September/October 2016

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Ocean Navigator

No drilling for now in the Atlantic

After a long and contentious debate that pitted boaters, coastal communities and the fishing industry against Big Oil, the Obama administration has reversed its original stance and directed the Interior Department to remove 104 million acres of the mid- and southeast Atlantic areas of the U.S. outer continental shelf from its 2017 oil and gas leasing program.

Ship hits unsuspecting sailboats

When we hear about sailboat/ship collisions, we probably think of an accident offshore with both vessels underway.

Newport-Bermuda Race results

On Saturday, June 25, more than 50 boats were presented with prizes during the Newport-Bermuda Race awards ceremony.

Orca visits Cape Cod

When an unusual type of bird is spotted out of range, bird watchers call it an accidental.

CAPSTONE Expedition at Maug Island

Often you can explore the ocean by yourself but not at the 2,000-meter depths where strange and wonderful creatures live — like bacteria that feed on sulfur at deep ocean vents and are eaten by other animals.

Volvo Ocean Race route announced

The Volvo Ocean Race route has been announced for 2017-18.

Quickstart Circumnavigation Guide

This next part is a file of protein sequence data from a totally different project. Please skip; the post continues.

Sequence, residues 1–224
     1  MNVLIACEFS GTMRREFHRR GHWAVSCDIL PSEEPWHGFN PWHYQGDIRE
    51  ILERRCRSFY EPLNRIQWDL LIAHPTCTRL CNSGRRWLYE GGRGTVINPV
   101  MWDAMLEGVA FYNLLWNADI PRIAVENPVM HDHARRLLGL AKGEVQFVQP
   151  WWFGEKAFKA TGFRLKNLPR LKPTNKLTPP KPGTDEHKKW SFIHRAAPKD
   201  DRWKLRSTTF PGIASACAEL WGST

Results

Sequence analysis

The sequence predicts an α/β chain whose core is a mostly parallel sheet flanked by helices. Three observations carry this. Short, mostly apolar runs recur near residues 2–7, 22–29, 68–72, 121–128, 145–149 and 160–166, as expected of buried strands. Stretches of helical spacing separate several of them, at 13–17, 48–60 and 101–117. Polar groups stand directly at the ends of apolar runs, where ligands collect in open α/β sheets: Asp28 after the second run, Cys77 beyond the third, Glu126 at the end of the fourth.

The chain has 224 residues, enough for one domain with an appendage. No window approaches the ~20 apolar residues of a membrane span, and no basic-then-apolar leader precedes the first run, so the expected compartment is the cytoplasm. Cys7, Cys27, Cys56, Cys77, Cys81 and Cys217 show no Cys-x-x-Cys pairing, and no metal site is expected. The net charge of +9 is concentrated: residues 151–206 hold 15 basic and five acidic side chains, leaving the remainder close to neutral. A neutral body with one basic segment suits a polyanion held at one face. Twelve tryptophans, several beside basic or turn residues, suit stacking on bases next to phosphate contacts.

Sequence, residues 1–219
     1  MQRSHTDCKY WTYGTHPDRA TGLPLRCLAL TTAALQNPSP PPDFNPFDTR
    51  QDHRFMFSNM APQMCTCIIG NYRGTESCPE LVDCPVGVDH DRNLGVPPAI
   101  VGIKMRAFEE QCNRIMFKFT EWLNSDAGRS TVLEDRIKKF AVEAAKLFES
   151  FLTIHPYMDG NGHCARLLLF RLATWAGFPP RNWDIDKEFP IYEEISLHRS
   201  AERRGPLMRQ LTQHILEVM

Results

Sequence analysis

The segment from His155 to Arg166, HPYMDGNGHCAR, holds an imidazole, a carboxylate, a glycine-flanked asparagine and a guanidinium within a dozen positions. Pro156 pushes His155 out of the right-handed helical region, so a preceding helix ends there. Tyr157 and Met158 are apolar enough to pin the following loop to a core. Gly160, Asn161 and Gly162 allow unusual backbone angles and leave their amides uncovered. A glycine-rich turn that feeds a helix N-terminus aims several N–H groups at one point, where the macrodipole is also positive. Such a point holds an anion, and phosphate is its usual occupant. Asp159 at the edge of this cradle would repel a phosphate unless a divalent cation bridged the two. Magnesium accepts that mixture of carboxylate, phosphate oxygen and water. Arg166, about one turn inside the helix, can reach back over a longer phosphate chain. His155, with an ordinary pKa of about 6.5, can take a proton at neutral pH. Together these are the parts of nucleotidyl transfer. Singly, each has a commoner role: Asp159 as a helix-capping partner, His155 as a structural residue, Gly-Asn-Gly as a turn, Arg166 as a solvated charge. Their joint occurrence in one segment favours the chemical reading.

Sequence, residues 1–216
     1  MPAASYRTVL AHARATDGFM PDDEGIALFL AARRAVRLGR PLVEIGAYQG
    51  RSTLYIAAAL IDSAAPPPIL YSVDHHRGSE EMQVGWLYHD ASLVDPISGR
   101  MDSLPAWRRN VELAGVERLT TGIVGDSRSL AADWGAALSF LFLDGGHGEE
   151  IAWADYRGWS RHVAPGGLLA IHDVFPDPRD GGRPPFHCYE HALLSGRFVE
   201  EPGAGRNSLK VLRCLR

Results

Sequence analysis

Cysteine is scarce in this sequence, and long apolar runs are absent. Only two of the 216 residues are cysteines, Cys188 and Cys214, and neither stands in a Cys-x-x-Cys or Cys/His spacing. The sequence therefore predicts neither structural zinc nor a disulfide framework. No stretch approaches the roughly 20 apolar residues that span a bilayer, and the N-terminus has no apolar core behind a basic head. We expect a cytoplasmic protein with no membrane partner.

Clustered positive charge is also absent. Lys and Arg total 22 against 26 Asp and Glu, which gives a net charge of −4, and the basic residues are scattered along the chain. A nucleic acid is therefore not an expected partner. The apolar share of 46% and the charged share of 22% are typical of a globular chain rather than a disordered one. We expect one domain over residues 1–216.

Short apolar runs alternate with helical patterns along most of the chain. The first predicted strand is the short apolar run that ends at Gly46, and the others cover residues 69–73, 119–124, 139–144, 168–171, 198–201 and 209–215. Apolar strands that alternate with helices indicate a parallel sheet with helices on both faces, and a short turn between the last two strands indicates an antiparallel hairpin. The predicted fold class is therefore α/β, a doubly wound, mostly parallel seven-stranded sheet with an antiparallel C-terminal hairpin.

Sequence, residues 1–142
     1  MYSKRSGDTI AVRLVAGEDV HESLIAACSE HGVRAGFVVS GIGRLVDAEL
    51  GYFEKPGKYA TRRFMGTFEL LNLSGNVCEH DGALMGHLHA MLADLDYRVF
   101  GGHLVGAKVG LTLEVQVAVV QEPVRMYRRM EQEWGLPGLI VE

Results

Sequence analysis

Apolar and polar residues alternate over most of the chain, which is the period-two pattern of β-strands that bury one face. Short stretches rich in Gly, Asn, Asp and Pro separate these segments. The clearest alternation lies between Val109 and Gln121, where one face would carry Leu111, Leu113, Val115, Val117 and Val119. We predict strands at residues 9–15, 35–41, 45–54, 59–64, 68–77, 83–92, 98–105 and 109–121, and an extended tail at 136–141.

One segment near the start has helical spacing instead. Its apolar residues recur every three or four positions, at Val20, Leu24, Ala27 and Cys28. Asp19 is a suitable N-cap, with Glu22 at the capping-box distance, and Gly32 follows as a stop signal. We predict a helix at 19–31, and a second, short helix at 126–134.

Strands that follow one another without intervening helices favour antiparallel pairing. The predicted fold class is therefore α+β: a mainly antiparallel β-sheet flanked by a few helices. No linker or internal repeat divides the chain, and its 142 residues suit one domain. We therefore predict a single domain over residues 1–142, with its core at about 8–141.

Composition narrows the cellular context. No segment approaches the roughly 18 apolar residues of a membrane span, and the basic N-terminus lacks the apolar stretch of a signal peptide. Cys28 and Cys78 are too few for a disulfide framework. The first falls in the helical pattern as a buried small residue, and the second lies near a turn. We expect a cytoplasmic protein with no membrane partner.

I’ve never circumnavigated, so asking me to review a book on that topic is a bit humbling, as I hold people who have accomplished that goal in such high esteem.

Report on ethanol fuel issues

Over the last seven years, Jim Petersen, director of service for Port Harbor Marine in South Portland, Maine, has seen his share of ethanol-related problems.

Two suppliers of email via satellite

In coastal waters, email and Internet are often available via Wi-Fi or cellphone coverage; offshore, or in remote areas, voyagers are reliant on satellite connections, often via satellite phones

Shaking down the Nordhavn 59 Coastal Pilot

Like most boat manufacturers, Nordhavn looks to adjust its product line to meet the needs of its customers.

Managing seasickness

The joke about seasickness is that it has three stages: feeling terrible, worried you might die and worried you won’t die.

Seasickness prevention and alleviation

Everyone is different, so everyone has his or her own best ways to prevent and alleviate seasickness.

Where’s your AIS?

Aboard our Moody 422, Astarte, we love reading books about sailors of old.

Catastrophe at sea

There are few things a sailor fears more than a collision at sea.

Mainsail mastery

As wind speeds increase and the rail begins to dip, it’s time to think about reducing sail.

Sailcloth diversity

Years ago, when Dick and Ginger Stevenson bought Alchemy, their Valiant 42, the vessel came equipped with a full line of Dacron sails.

Harvesting the wind

The Tasman Sea has a deserved reputation for nastiness.

Striking the fore topgallant

This is the second squaresail from the top on the foremast.

September/October Issue 236: San Francisco full-rigged ship Balcultha

Like Wavertree (which we wrote about last month), Balcultha is one of the great square-rigged ships from the 19th century that was saved for posterity — this time by the San Francisco Maritime Museum in 1954.

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